It’s taken 50 years to get here, but is Ford’s muscle car a case of Shock and Awe or shockingly poor?
What is it?
|Ford Mustang Coupe 5.0 V8|
|Top speed||155 mph|
|0-62 mph||4.8 seconds|
|Official economy||20.9 mpg|
|CO2 emissions||299 g/km|
|VED band||M / £505|
|Engine||5.0-litre V8 petrol|
|Power||420 PS (415 bhp)|
|Torque||530 Nm (391 ft-lb)|
It’s a Mustang. It would be tempting to leave it at that, as the name speaks for itself thanks to its glorious history. Think Bullitt. Think Gone in Sixty Seconds. Even think Charlie’s Angels if you really have to.
After 50 years Ford has decided we’re now ready to cope with the muscle on offer. It has made one concession to European austerity though, fitting a relatively sensible 2.3-litre four-cylinder engine under the bonnet.
There’s little point to a muscle car without muscle though, so fortunately there’s the option of a very un-PC five-litre V8. This sits inside a shell designed by Brit Moray Callum, a shell that is devastatingly effective. It harks back to the classic Mustang’s of old, with small design cues everywhere you look, but remains a clean and modern interpretation of archetypal Americana.
What’s it like?
Slip inside and you’ll find vintage Mustang touches; there’s the deep-set instruments, a dished three-spoke steering wheel and retro-inspired toggle switches for the driving systems. However, there is also an eight-inch touch-screen stuck incongruously in the middle, along with switchgear that we’ve seen in the Focus and Mondeo.
Don’t look too closely at the quality either. Yes, something has to give when you’re charging less than £33k for a hot-rod of this size, but the leather on the doors felt like somebody’s idea of what leather should feel like if it’s only been described to them using predictive text on a mobile phone. Equally, the plastic panel pretending to be aluminium looked good but felt awful.
None of that matters though. Really, it doesn’t. Press the start button, listen to the V8 rumble menacingly, and you soon realise why. This car is all about the experience, not the detail.
With 415bhp available, it gets to 62mph in roughly the same time it takes to read this sentence. With launch control fitted as standard, it’ll do it again and again, all day long. An electronic line-lock, again fitted as standard, even allows you to perform a perfect smokey burnout. Just to warm the tyres up, you understand.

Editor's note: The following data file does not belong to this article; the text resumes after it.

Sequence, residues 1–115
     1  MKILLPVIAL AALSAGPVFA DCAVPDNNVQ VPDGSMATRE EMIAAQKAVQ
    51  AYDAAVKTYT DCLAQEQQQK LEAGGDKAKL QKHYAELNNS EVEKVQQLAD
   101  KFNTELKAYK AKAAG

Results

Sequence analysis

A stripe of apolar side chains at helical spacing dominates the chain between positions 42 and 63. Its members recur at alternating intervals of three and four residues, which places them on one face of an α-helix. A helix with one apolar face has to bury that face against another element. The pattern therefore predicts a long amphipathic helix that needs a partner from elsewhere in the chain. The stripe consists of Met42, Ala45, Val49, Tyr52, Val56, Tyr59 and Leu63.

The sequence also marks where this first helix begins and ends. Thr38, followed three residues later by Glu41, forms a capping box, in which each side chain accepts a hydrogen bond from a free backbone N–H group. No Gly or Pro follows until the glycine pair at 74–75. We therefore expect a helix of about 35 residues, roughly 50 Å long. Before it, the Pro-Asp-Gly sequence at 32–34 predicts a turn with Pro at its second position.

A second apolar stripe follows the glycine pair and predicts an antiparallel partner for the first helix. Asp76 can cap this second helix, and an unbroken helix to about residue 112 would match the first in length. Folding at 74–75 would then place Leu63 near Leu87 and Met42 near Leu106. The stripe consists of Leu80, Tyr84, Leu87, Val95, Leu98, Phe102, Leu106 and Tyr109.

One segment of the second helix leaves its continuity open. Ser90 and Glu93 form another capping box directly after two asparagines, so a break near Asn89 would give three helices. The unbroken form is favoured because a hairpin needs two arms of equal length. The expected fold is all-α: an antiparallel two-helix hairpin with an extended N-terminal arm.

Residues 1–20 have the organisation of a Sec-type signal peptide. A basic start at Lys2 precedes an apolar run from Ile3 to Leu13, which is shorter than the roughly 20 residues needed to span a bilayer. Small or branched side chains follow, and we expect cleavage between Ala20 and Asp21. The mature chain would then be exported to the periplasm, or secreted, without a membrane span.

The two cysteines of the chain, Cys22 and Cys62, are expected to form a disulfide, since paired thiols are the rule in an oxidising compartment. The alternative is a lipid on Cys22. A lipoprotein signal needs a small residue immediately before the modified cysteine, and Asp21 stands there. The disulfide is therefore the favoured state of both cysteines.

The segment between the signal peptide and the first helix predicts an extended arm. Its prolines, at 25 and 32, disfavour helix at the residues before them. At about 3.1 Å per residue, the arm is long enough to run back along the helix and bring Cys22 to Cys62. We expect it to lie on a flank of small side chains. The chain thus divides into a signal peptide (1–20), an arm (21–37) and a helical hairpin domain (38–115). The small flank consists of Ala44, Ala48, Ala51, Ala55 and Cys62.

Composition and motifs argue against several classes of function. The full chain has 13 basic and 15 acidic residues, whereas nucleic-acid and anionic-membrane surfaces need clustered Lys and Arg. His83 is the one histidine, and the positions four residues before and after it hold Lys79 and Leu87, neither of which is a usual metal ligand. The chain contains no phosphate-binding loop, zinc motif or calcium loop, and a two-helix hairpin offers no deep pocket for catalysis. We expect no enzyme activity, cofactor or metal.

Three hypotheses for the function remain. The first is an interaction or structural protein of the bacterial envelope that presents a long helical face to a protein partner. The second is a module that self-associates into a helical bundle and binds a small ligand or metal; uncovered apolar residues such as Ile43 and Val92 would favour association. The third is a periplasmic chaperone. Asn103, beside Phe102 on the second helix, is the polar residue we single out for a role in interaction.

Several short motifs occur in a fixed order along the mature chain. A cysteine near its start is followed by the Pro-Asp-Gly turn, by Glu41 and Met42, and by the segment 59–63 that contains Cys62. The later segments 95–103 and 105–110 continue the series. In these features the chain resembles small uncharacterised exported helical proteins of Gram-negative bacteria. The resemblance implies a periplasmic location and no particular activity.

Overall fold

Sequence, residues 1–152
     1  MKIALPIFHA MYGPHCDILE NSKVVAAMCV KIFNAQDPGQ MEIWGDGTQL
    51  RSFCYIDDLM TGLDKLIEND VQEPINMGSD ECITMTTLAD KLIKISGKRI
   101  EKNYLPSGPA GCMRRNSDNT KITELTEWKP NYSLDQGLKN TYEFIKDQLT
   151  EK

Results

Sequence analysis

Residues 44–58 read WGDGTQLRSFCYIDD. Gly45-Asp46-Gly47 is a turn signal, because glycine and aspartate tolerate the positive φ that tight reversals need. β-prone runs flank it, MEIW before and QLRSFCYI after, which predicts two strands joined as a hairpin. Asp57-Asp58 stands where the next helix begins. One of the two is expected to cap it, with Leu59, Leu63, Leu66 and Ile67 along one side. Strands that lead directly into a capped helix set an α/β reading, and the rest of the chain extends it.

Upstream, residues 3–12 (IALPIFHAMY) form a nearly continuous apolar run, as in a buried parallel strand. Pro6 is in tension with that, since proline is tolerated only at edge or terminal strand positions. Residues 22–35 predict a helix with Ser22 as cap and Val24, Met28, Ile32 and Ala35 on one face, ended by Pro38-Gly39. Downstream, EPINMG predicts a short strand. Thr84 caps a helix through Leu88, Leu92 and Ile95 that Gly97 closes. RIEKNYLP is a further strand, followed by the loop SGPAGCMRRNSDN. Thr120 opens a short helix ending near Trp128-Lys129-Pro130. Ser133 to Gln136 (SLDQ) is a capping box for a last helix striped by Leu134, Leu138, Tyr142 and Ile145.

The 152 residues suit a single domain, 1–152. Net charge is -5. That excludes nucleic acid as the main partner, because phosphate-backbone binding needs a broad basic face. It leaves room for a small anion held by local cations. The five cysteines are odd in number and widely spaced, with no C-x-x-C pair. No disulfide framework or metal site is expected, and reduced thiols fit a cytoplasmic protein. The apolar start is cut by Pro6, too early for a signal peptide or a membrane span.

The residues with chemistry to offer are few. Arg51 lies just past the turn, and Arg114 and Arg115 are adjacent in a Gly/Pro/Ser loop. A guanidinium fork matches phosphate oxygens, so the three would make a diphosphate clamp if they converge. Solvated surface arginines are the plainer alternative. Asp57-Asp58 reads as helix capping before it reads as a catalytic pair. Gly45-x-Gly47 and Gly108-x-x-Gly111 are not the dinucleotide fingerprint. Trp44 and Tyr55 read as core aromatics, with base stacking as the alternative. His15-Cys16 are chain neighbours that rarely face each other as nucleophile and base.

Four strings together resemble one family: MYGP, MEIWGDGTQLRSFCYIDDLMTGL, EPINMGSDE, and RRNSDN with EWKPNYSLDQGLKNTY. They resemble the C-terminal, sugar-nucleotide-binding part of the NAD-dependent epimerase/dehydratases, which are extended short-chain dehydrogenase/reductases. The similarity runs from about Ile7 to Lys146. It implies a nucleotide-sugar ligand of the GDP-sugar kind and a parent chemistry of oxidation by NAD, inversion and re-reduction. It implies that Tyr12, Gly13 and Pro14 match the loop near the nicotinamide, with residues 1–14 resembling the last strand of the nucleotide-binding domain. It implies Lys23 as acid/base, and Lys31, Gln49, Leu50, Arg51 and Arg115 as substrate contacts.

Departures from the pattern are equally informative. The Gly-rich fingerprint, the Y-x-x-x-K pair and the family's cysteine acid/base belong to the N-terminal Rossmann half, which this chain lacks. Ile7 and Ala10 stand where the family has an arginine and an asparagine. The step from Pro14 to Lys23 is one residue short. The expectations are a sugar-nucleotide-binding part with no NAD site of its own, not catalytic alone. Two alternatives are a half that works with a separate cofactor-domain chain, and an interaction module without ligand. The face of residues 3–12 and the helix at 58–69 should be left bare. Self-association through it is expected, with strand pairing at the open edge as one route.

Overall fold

Hit the open road and there’s a pleasant surprise awaiting. Compliant suspension makes corners possible, even enjoyable, without the ride being too firm. Crossing a country in an afternoon is possible such is the balance between comfort and ability, while the back end can be sent sliding out at will, easily controllable and always looking dramatic.
Turn things up to ten tenths and it falls apart a little, with the suspension unable to cope with what’s being thrown at it, but who drives a muscle car like that anyway?
Is it practical?
No. Actually, there is a degree of practicality, but not much. There are rear seats, but they’re impossible to get in to and, assuming somebody does get in there, they’re tiny and they may never be able to get out again.
The boot is a good size though, able to take a couple of sets of golf clubs, so a European tour for two adults should be a doddle.
Of course, there’s the fuel bill to think about. Officially the V8 will manage 20.9mpg, but single figures are equally possible. A couple of days reasonably enthusiastic driving saw the computer displaying 12.7mpg as an average, so shares in Shell are essential.
High CO2 emissions also mean you’ll face a hefty tax bill. Car tax is an almost reasonable £505 a year, but the first year adds £695 to that. Company car drivers will be staring at a BIK burden of 37% but, thanks to the low list price, that might not hurt as much as you might expect.
Should I buy one?
If you’re trying to rationalise the Mustang, then no.
There is no case to answer if you’re comparing it to its rivals – or whatever counts as a rival, as there’s nothing directly comparable. BMW’s 428i coupe handles better but lacks the power of the Mustang. Audi’s A5 can only be bought with a diesel engine at this price, the S5 being out of reach. The only similar model on sale in the Vauxhall VXR8, but that’s £54,000.
The Mustang has always been an emotional purchase. It’s a case of heart over head every time, as there is always something that’s faster, or cheaper, or more economical, or more spacious.
Looking at it sensibly, it’s a three-star car, maybe four. But it’s wrapped up in five stars of history, myth, freedom and appeal. Look after your heart.